Survival International reveals ‘five faces of genocide’ for UN Indigenous Day

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To mark UN Indigenous Day on 9 August, Survival International, the global movement for tribal peoples’ rights, reveals five tribal peoples who have been victims of genocide during the 20th century – and warns of a potential genocide in the 21st.

Tribal peoples subjected to genocidal violence include:

- The Aché, Paraguay: in a landmark case launched in April 2014, the Aché tribe took Paraguay’s government to court over the genocide they suffered. The Aché were decimated after colonists launched killing raids, captured tribespeople and sold them as slaves during the 1950s and 60s.

- The Akuntsu, Brazil: in 1985, government investigators uncovered an entire communal house which had been bulldozed – evidence of a brutal massacre by gunmen that killed most of the Akuntsu tribe. The five survivors are the last witnesses of this silent genocide.

- The Jummas, Bangladesh: the Bangladesh military and a wave of settlers carried out a genocidal campaign of murder, rape, torture and the torching of Jumma villages. A peace deal in 1997 put an end to the worst atrocities, but killings, the burning of Jumma villages, the theft of their land and arrests remain rampant.

- The Yanomami, on the border of Brazil and Venezuela: in 1993, goldminers launched a brutal attack on the Yanomami village of Haximú, killing 16 Yanomami, including the elderly, women and children. In an unprecendented ruling, four of the culprits were subsequently convicted of genocide.

- The Awá, Brazil: Brazilian experts have described the violent invasion and destruction of the Awá’s rainforest by armed loggers as genocide. A Brazilian government representative said in 2011, “If rapid emergency measures are not taken, the future of this people is extinction.” In January 2014, the invaders were evicted from the key Awá territory, following Survival’s high-profile campaign.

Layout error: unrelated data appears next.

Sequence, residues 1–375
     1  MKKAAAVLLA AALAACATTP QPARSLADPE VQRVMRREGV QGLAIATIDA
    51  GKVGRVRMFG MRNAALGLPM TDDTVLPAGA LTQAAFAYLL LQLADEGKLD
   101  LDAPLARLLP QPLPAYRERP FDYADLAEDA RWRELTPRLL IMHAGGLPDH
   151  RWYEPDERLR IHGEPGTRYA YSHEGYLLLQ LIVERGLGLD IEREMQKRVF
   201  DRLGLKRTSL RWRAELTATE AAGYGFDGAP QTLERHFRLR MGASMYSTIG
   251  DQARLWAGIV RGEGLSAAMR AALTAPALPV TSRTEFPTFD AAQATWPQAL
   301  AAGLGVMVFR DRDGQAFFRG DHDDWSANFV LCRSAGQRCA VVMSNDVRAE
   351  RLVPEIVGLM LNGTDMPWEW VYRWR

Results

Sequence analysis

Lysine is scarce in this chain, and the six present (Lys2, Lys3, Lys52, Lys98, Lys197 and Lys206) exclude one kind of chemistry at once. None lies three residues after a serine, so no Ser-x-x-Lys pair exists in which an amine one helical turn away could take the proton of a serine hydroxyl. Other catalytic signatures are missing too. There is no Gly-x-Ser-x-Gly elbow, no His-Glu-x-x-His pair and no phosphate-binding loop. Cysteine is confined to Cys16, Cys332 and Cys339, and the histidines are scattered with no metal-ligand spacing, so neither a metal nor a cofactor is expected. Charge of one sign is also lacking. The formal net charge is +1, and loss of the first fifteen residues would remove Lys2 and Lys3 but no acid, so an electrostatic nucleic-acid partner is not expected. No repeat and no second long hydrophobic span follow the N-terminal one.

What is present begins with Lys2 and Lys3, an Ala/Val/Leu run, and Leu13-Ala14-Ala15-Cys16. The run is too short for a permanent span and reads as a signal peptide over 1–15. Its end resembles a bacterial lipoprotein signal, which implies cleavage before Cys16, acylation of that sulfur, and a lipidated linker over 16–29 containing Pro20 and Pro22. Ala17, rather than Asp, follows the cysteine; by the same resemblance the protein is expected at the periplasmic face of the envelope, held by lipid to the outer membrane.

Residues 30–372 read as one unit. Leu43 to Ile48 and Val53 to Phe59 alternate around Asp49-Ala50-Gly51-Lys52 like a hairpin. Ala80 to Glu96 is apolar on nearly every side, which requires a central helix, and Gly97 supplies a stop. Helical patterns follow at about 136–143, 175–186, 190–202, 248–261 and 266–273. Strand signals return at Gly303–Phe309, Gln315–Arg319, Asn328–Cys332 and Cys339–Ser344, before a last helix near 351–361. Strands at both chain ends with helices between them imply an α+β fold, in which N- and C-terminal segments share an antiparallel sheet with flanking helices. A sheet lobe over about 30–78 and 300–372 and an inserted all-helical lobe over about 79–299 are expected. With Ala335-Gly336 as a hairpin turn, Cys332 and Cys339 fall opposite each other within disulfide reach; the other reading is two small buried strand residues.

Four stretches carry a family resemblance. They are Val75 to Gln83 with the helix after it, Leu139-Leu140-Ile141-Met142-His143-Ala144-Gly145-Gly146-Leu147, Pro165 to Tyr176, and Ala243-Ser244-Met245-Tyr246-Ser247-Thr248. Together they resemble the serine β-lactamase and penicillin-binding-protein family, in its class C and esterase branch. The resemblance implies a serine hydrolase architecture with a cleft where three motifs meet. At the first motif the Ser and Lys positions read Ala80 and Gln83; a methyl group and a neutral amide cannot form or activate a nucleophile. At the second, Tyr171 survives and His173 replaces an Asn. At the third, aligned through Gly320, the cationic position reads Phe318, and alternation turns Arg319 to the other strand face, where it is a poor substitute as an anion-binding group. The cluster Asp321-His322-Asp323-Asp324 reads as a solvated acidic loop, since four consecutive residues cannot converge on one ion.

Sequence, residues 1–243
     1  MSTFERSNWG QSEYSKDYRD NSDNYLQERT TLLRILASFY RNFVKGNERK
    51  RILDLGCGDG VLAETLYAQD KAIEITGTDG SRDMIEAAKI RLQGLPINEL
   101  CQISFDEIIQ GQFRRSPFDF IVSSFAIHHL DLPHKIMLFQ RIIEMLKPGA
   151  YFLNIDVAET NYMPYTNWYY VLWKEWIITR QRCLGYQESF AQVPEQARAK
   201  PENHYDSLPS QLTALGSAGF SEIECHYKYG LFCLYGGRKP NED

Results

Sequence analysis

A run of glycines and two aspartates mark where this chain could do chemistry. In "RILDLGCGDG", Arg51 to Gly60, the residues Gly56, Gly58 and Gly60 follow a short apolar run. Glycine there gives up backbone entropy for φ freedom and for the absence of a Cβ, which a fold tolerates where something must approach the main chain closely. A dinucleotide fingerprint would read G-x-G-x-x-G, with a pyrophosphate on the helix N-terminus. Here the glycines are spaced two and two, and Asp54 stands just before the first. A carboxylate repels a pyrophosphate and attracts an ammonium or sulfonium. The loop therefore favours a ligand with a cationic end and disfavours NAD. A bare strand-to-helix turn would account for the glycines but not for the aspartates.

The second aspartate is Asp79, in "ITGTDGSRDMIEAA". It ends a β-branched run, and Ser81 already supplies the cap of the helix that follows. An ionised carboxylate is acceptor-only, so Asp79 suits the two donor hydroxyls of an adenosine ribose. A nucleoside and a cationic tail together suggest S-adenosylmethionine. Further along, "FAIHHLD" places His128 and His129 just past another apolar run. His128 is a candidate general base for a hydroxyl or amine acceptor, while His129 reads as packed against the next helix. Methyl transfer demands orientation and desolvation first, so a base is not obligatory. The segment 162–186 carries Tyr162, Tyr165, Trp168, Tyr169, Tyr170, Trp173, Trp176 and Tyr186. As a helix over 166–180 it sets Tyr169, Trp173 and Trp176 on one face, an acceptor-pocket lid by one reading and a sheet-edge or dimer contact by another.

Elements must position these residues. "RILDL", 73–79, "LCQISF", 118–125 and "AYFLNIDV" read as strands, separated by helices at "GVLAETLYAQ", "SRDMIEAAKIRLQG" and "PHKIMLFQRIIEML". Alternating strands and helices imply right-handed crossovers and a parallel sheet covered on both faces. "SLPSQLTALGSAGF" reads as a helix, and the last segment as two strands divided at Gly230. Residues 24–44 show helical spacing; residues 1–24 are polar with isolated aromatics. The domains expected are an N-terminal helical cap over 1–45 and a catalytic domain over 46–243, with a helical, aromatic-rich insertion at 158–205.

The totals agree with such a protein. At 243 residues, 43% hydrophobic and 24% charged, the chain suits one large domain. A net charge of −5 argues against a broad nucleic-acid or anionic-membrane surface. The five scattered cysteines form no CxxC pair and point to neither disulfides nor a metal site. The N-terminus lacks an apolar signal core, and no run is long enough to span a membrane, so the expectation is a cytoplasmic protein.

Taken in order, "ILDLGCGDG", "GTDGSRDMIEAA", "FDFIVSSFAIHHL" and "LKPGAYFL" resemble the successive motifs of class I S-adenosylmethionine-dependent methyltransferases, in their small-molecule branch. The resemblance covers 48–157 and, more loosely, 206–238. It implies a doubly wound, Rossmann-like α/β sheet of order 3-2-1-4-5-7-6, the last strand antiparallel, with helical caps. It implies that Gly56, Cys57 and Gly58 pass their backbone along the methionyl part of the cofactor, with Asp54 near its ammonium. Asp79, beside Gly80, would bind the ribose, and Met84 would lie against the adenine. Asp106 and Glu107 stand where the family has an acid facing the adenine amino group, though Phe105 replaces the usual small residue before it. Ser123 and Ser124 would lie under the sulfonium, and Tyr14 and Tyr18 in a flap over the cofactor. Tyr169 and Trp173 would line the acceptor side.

Will history repeat itself?

In June 2014, a group of uncontacted Indians emerged in Brazil, having apparently crossed the border from Peru. They told interpreters that they had suffered a violent attack on their village in which most of the elderly were killed, and their homes burnt.

“So many people died that they couldn’t bury them all and their corpses were eaten by vultures.” Brazilian experts have warned of “another genocide” if their territory is not protected from the loggers and drug-traffickers suspected of carrying out this atrocity.

Survival’s Director Stephen Corry said today (6 August), “Industrialised societies subject tribal peoples to genocidal violence, slavery and racism so they can steal their lands, resources and labour in the name of ‘progress’ and ‘civilisation’. Since the dawn of the Age of ‘Discovery’, tribal peoples have been the innocent victims of an aggressive colonisation of their land. By portraying them as backward and primitive, the invaders have justified a systematic and cruel annihilation, which continues to this day. It’s time the genocide stopped.”

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